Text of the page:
Dole, Gertrude. "Endocannibalism Among the Amahuaca Indians." Transactions of the New York Academy of Sciences 24 (1962) 567-73.

Faulkner, William. "Rose for Emily." Collected Stories of William Faulkner.

New York: Random House, 1934. 119-130.

Fenichel, Otto. The Psychoanalytic Theory of Neurosis. New York: Norton, 1945.

Fitzgerald, F. Scott. The Great Gatsby. Three Novels. New York: Scribner, 1953. 1-137.

Frazer, Sir James George. The Golden Bough: A Study in Magic and Religion.

New York: Macmillan, 1974.

Freud, Sigmund. "Extracts From the Fliess Papers." Standard Edition Vol. 14.

Trans. James Strachey, London: Hogarth, 1950. 173-280.

Freud, Sigmund. "Inhibitions, Symptoms and Anxiety." Standard Edition Vol. 14.

Trans. James Strachey. London: Hogarth, 1926. 77-175.

Freud, Sigmund. "Mourning and Melancholia." Standard Edition Vol. 14. Trans.

James Strachey. London: Hogarth, 1917. 237-260.

Gennep, Arnold van. The Rites of Passage. Trans. Monika B. Vizedom and

Gabrielle L. Caffee. Chicago: U Chicago P, 1960.

Harris, Thomas. Red Dragon. New York: Dell, 1981.

Harris, Thomas. The Silence of the Lambs. New York: St. Martins, 1988.

Hawthorne, Nathaniel. "The Artist of the Beautiful." The Centenary Edition of the

Works of Nathaniel Hawthorne. Vol. X. Ed. J. Donald Crowley. Columbus:

Ohio State UP, 1974.

Hill, Walter and David Giler. Alien. Los Angeles: Script City, 1978.

Hitchcock, Alfred. Alfred Hitchcock's Psycho. Ed. Richard J. Anobile. New York: Avon, 1974.

Hofer, Myron A. "Relationships as Regulators: A Psychobiologic Perspective on

Bereavement." Psychosomatic Medicine 46 (1984) 183-97.

Hurry, Anne. "Bisexual Conflict and Paedophilic Fantasies in the Analysis of a Late

Adolescent." Journal of Child Psychotherapy 16 (1990): 5-28.

Jones, Ernest. On the Nightmare. New York: Liveright, 1951.

Kafka, Franz. The Metamorphosis. Trans. Stanley Corngold. New York: Bantam, 1972.

Kleinman, Arthur, and Byron Good. Culture and Depression: Studies in the

Anthropology and Cross-cultural Psychiatry of Affect and Disorder. Berkeley:

U of California Press, 1985.

Kristeva, Julie. Black Sun: Depression and Melancholia. Trans. Leon S. Roudiez.

New York: Columbia UP, 1992.

McCall, Dan. The Silence of Bartleby. Ithaca: Cornell UP, 1989.

McMullen, Bonnie Shannon. "Lifting the Lid on Poe's 'Oblong Box.' " Studies in

American Fiction 23 (1995), 203-214.

Melville, Herman. "Bartleby the Scrivener: A Story of Wall Street." The Writing of

Herman Melville, The Northwestern-Newberry Edition Vol. 9. Ed. Harrison

Hayford et. al. Evanston, 1987.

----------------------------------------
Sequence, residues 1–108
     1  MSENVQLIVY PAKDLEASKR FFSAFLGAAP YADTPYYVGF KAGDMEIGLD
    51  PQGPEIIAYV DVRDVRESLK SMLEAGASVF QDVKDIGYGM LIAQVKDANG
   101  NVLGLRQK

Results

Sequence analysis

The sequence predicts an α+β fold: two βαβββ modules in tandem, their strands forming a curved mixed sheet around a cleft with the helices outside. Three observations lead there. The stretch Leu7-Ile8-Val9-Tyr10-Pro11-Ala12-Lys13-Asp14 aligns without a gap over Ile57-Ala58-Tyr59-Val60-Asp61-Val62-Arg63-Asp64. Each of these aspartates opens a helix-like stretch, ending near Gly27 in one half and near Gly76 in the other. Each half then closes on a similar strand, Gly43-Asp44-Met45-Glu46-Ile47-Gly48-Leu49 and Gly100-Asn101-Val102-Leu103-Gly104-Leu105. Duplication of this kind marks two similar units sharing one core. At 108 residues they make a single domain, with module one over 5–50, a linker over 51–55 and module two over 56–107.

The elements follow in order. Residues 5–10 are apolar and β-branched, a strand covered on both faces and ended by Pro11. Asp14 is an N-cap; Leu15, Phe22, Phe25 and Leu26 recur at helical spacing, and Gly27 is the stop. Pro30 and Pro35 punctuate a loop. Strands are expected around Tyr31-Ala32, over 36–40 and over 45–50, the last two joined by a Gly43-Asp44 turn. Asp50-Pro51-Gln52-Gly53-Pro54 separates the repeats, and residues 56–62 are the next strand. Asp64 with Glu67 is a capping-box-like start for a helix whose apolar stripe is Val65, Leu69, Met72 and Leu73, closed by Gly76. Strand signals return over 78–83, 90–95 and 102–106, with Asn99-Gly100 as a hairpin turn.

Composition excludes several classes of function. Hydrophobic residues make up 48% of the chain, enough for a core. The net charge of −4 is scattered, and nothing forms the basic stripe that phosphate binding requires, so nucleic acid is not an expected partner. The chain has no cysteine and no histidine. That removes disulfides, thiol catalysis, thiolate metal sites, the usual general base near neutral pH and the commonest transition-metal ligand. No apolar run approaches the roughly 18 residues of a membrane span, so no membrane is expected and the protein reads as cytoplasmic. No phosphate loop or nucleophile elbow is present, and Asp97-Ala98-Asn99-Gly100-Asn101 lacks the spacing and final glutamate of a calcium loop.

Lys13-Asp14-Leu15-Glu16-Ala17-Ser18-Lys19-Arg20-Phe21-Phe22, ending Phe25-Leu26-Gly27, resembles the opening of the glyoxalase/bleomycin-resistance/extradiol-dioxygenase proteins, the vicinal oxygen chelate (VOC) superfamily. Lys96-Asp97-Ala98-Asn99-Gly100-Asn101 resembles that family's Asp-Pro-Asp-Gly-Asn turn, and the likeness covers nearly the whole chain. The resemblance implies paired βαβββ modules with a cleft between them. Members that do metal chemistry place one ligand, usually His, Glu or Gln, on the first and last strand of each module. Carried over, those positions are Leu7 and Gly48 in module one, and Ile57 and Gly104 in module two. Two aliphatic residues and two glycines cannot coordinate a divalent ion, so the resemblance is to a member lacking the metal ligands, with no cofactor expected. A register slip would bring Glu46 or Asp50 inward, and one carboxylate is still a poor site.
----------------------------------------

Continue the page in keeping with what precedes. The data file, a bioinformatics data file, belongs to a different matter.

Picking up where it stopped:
Metcalf, Peter. "Wine of the Corpse: Endocannabalism and the Great Feast of the

Dead in Borneo." Representation 17 (1987): 96-108.

Mogul, S. Louis. "Sexuality, Pregnancy, and Parenting in Anorexia Nervosa." The

Journal of the American Academy of Psychoanalysis 17 (1989): 65-88.

Ormsby, Alan. Cat People. Los Angeles: Script City, 1981.

Poe, Edgar Allan. "The Oblong Box." Collected Works of Edgar Allan Poe. Vol. 3.

Ed. Thomas Olive Malbott Cambridge: Belknap, 1978. 

Pomer, Sidney. "Necrophilic Fantasies and the Choice of Specialty in Medicine." The

Bulletin of the Philadelphia Association of Psychoanalysis 9 (1959) 54-55.

Roscoe, John: The Bagesu and Other Tribes of the Uganda Protectorate. Cambridge:

Cambridge UP, 1924.

Samba, Denis. "D'vne Castration Symbolique de type matriareal: les Kongo-Lari du

Congo--Brazzaville." Psychanalyse a' l' universitae 14 (1989): 95-97.

Schwartz, Ann E. The Man Who Could Not Kill Enough. New York: Birch Lane, 1992.

Shakespeare, William. Hamlet Price of Denmark. Ed. William Farnham. The

Complete Works of William Shakespeare. Ed. Alfred Harbage. Baltimore:

Penguin, 1969. 930-974.

Silverman, Kaja. The Acoustic Mirror: The Female Voice in Psychoanalysis and

Cinema. Bloomington: Indiana UP, 1988.

Tauber, Edward S. "Symbiosis, Narcissium, Necrophilia: Disordered Affect in the

Obsessional Character." Journal of The American Academy of Psychoanalysis

9 (1981): 33-49.

The Vanishing. Dir. George Sluizer. Videocassette. 1988.

Zimmerman, Francis. "The History of Melancholy." The Journal of the International

Institute 2 (1975):

To cite this article, use this bibliographical entry: Paul Emmett "The Incorporative Identifications of Mourning and Melancholia: A Textual Causerie". PSYART: A Hyperlink Journal for the Psychological Study of the Arts. Available March 3, 2024 [or whatever date you accessed the article].
Received: January 18, 2003, Published: January 29, 2003. Copyright © 2003 Paul Emmett